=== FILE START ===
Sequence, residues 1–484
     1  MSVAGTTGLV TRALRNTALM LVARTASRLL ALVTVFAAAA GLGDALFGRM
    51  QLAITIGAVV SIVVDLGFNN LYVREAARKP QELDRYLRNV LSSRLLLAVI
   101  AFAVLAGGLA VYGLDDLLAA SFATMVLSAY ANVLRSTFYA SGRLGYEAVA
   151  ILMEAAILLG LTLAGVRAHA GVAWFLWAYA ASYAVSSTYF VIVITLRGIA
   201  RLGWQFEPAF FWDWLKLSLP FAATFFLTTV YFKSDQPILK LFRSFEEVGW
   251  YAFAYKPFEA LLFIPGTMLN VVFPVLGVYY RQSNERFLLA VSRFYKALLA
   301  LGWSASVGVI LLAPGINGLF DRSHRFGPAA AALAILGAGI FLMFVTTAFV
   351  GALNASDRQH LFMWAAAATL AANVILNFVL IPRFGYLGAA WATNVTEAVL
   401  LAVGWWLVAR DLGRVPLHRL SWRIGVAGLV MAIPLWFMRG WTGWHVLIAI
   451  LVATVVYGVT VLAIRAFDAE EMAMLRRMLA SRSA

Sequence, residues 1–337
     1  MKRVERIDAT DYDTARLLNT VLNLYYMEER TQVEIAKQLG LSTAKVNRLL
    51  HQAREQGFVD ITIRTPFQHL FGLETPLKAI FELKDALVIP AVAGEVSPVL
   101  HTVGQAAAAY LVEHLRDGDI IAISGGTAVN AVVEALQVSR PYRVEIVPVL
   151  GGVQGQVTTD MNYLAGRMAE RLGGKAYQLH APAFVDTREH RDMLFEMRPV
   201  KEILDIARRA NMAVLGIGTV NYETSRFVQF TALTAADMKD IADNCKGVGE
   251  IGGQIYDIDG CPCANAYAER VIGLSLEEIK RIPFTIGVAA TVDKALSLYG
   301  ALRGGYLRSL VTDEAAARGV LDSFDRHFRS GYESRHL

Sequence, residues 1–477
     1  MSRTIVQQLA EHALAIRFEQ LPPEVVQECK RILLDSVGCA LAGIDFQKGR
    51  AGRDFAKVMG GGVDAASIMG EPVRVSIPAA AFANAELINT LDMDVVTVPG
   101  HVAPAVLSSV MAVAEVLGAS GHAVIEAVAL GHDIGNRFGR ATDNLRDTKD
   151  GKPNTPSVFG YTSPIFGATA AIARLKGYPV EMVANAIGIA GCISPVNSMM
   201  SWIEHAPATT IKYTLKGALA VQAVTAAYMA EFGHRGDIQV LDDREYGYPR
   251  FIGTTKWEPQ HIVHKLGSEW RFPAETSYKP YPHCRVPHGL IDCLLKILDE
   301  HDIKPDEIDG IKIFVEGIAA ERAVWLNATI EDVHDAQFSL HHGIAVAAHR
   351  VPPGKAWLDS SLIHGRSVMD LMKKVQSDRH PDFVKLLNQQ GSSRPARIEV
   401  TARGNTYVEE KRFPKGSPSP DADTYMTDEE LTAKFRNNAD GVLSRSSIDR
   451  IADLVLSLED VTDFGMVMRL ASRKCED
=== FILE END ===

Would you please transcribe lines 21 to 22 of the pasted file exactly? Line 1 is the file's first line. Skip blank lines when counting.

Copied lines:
     1  MSRTIVQQLA EHALAIRFEQ LPPEVVQECK RILLDSVGCA LAGIDFQKGR
    51  AGRDFAKVMG GGVDAASIMG EPVRVSIPAA AFANAELINT LDMDVVTVPG